Effects of work schedule features, social influence and socio-demographic characteristics on job application rates in two-adult households with children

Bilin Han, Harry Timmermans

Research output: Contribution to conferencePaperAcademic


Work schedule arrangements substantially affect traffic flows and associated congestion, particularly during morning and evening peaks. Therefore, the study of work schedule arrangements is relevant to manage congestion, protect the environment, and help governments and companies to develop human resource management policies. Compared to households without children, households with children face more challenges in organizing their daily activities, such as childcare, sending/bringing children to school, playing with children, etc. Participating in these activities does not only increase time pressure in general, but because several of these child-related activities are mandatory, they need to be organized at a fixed time and/or a fixed location. Thus, when parents decide whether to apply for a job, those children-related activities should also be taken into account at least in terms of number of working hours and required travel times for the work commute. Job applications are therefore an important decision before further work time allocation arrangements and household task allocation can be modeled. This paper reports some findings of a study on job applications in two-adults households with children. The aim of this study is to estimate the effects of work attributes, social influence and socio-demographics characteristics on people’s decisions to apply for jobs. To that end, a stated choice experiment is constructed and implemented. The experiment systematically varies work schedule and social influence attributes. Work attributes include the number of working hours / week, flexibility in working hours, interest for the job, salary and travel distance to work. Social influence attributes are defined as opinions from members of the parents’ social network toward time allocation trade-offs between work and children-related activities. Following Rasouli & Timmermans (2013), members of the social network were classified into parents, relatives, friends and peers, to measure how their opinions affect respondents’ job application decisions. Data for a sample of 1051 respondents were collected via a web-based questionnaire in January 2015. A binary logit model is used to estimate the effects of work schedule attribute, social influence and socio-demographic characteristics on the probability of applying for a particular job. Results show that the effects of work attributes and some socio-demographic attributes are more significant than social influence attributes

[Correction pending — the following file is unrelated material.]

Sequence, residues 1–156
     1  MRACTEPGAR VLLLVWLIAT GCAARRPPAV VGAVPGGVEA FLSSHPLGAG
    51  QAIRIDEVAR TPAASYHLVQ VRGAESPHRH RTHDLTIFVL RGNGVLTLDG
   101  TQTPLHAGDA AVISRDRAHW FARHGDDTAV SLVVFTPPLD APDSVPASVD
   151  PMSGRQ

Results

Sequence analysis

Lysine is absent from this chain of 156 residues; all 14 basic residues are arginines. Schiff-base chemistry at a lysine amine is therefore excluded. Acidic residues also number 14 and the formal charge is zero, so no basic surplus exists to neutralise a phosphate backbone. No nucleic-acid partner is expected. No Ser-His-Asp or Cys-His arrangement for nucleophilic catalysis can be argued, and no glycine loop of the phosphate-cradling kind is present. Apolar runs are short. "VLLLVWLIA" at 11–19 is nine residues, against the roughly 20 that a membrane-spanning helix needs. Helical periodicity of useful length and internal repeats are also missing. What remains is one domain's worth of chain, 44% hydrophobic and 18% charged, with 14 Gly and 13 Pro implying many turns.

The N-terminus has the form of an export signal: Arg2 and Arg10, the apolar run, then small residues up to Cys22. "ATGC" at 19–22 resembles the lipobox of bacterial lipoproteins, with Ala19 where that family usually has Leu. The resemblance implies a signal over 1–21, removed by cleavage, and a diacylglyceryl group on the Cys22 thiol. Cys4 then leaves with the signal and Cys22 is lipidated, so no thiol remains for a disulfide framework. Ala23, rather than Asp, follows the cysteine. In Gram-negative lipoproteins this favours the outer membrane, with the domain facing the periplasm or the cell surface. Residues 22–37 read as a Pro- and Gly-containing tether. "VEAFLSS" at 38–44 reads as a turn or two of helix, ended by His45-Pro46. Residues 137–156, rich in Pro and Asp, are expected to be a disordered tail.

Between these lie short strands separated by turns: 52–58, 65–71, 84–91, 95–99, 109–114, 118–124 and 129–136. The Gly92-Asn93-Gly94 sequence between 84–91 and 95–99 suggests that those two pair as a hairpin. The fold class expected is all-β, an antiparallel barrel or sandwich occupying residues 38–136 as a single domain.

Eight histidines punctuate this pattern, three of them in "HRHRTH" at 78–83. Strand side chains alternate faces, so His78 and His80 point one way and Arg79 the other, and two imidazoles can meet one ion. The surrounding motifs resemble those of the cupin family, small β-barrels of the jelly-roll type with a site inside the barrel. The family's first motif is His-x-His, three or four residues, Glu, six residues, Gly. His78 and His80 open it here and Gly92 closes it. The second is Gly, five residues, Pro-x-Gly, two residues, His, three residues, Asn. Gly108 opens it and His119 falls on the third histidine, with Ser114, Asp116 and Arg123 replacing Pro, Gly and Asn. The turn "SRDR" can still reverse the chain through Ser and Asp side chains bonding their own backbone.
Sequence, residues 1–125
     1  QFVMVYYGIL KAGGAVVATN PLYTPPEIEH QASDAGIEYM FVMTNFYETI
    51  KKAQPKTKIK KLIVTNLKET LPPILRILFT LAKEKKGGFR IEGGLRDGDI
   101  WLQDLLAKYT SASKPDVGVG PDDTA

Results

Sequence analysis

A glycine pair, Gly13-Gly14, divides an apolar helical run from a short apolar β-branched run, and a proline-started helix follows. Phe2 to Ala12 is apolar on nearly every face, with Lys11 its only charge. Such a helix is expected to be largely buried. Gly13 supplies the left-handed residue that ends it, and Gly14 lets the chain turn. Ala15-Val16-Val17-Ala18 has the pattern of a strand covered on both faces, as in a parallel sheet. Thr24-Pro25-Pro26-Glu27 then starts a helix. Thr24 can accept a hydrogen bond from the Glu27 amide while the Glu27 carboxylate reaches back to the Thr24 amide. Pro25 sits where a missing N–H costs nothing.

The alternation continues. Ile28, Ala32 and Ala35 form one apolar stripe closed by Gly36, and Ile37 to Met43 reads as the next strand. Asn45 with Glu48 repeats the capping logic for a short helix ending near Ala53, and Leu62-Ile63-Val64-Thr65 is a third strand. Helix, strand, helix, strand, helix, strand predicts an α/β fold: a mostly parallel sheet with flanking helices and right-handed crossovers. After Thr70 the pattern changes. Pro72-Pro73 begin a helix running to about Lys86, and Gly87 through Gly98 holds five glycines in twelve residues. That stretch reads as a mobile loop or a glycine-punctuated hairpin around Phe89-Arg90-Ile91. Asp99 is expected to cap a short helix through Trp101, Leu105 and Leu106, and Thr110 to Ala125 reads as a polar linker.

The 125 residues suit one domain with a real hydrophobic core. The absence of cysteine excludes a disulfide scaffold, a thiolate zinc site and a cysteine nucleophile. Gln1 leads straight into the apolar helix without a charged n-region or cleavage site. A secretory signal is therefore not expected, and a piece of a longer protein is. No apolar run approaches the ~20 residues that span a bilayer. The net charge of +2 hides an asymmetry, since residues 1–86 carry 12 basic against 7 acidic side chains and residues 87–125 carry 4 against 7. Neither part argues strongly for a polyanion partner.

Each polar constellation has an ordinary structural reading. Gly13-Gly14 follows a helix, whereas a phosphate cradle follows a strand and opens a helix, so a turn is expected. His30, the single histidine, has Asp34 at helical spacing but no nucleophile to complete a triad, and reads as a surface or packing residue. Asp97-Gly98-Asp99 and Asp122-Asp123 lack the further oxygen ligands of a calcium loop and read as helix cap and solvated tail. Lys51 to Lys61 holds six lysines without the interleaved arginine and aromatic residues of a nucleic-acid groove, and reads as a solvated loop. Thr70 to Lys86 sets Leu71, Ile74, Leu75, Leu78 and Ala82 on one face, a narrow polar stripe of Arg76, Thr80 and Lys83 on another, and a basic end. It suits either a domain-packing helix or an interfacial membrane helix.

Original languageEnglish
Number of pages11
Publication statusPublished - 2015
Event2015 BIVEC-GIBET Transport Research Day - Technical University Eindhoven, Eindhoven, Netherlands
Duration: 28 May 201529 May 2015


Conference2015 BIVEC-GIBET Transport Research Day
Abbreviated titleBIVEC-GIBET


  • work schedule
  • job application
  • social influence
  • activity-based model
  • children-related activities


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